Wednesday, October 19, 2011

Priest (2011)


Not as good as I was hoping, but not terrible.  In this "western-fused, post apocalyptic thriller", humanity has been all but wiped out by weird alien-looking eyeless vampires.  The animated sequence that tells this grim backstory is probably the best part of the whole movie. In the midst of this horror, people turn en masse to the Church, which is conveniently able to offer protection in the form of the Priests--superpowered warriors who are able to kill the vampires.  Fast forward a few years and the remaining vampires are all in "reservations", the Priests are retired, and most people live in the gloomy, grimy Cities far away from the savage Wastelands beyond.  Until the family of one of the Priests--Paul Bettany as the Clint Eastwood character--is murdered and his niece is kidnapped.  The Church tells him it can't possibly be vampires, and forbids him to go a-looking for the killers/kidnappers.  You can guess how well that goes.  Much carnage ensues.

The casting here is surprisingly good--Christopher Plummer as the head-in-the-sand Church leader (along with Alan Dale of O.C. fame as his more reasonable counterpart), Maggie Q as the Priestess "secretly" in love with Paul Bettany, vampire heartthrob Cam Gigandet as the kidnapped girl's love interest, Madchen Amick and Stephen Moyer as the murdered brother and sister in law and parents of the kidnapped girl, Brad Dourif as a skeezy salesman selling anti-vampire tonic, and Karl Urban as the creepy villain (subtly referred to as "Black Hat").  And of course Paul Bettany is an excellent actor, though I think he is best when he has a twinkle in his eye and mischief in his heart, and he is far too busy being stoic and long-suffering and put-upon in this film to let any of that shine through.  Indeed, the script does not call for much (any) humor.  It is serious business, hunting the vampires who kidnapped the daughter of your former lover.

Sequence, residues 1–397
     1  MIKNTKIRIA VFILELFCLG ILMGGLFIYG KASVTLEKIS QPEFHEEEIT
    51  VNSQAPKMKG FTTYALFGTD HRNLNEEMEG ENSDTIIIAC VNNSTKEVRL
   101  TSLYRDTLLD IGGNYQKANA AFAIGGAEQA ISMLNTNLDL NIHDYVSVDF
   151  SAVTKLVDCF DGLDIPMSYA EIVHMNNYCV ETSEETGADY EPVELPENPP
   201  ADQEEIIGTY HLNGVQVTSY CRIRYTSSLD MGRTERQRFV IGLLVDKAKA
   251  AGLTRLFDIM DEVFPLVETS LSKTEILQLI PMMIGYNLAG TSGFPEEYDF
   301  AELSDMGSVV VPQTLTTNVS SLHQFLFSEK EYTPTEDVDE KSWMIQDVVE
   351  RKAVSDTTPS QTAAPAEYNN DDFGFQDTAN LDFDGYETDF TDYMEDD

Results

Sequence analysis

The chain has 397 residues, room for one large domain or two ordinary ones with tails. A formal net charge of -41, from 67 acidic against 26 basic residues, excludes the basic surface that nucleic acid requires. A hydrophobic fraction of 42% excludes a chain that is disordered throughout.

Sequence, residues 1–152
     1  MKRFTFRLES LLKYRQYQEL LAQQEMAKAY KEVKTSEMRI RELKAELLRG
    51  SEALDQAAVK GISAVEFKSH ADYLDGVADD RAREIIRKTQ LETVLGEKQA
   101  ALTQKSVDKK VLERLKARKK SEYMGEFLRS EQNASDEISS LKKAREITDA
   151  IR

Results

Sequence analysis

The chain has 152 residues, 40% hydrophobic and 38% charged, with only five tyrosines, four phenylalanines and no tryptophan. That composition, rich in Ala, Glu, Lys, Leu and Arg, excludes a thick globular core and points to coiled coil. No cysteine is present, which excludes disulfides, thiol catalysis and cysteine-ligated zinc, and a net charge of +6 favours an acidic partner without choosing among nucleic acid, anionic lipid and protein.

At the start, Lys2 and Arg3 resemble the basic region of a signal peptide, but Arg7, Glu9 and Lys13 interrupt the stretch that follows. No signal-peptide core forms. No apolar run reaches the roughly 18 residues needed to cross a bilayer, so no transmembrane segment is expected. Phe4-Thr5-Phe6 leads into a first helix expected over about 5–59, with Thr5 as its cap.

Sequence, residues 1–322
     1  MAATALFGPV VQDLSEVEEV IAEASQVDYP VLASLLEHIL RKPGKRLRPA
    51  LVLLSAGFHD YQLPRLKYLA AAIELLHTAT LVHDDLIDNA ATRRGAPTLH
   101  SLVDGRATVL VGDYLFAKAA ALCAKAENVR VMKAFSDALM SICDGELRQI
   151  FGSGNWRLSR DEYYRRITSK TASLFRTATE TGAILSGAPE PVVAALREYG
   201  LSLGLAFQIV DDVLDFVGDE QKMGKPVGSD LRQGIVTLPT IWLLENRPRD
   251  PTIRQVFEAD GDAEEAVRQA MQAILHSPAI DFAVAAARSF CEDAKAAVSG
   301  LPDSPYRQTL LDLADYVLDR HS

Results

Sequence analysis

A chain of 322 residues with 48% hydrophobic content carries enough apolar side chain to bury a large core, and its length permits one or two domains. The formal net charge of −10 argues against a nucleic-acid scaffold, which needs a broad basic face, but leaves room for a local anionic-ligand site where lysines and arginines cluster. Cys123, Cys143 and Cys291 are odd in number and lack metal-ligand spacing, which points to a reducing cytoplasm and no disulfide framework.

A minor nitpick--in a few scenes, the sound of the wind whipping through the desert dust was so loud as to be distracting from the dialogue (pointless though it was).  Perhaps this was an attempt at realism, but I found it distracting.  

Also, I was never completely sure how the Priests were able to defeat the heretofore undefeatable vampires--there was no discussion of the vampire mythology or any weakness or vulnerability apart from sunlight, which was "not enough" to save humans before the Priests came along.  It almost seemed as if the Priests' success was based solely on increased strength and speed. Which makes sense, I suppose, but that would mean vampires could theoretically be killed by conventional means--knives, guns, etc.  Part of the appeal of vampires is creating unusual ways for them to die.  Decapitation, death-by-stake, holy water, crosses . . . vampires who don't have these weaknesses are much less exciting.

All in all, it was just ok.  The backstory was fairly creative--a western-themed world ruled by the Church, menaced by vampires, and protected by superpowered Priests.  Unfortunately, the dialogue was lackluster and in no way memorable, and the characters were fairly bland (Bettany's usual raging charisma notwithstanding).  With a little more humor and a script with some zing, this could have been something.  As it is, it just . . . is.

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